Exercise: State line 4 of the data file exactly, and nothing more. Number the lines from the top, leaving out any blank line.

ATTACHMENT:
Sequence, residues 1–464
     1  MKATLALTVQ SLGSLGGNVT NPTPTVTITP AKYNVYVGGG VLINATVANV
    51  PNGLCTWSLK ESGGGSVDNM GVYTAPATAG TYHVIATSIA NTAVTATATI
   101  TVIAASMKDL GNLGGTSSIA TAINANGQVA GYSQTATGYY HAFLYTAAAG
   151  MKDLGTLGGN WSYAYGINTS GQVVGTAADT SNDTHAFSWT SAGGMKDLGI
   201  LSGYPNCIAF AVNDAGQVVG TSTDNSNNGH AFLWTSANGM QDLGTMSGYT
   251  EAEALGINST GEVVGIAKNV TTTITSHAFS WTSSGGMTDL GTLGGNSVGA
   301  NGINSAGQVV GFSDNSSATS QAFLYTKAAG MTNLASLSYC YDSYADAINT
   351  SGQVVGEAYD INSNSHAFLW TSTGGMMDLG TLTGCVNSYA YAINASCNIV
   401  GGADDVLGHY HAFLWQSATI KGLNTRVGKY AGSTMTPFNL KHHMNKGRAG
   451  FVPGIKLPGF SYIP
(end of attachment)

   101  TVIAASMKDL GNLGGTSSIA TAINANGQVA GYSQTATGYY HAFLYTAAAG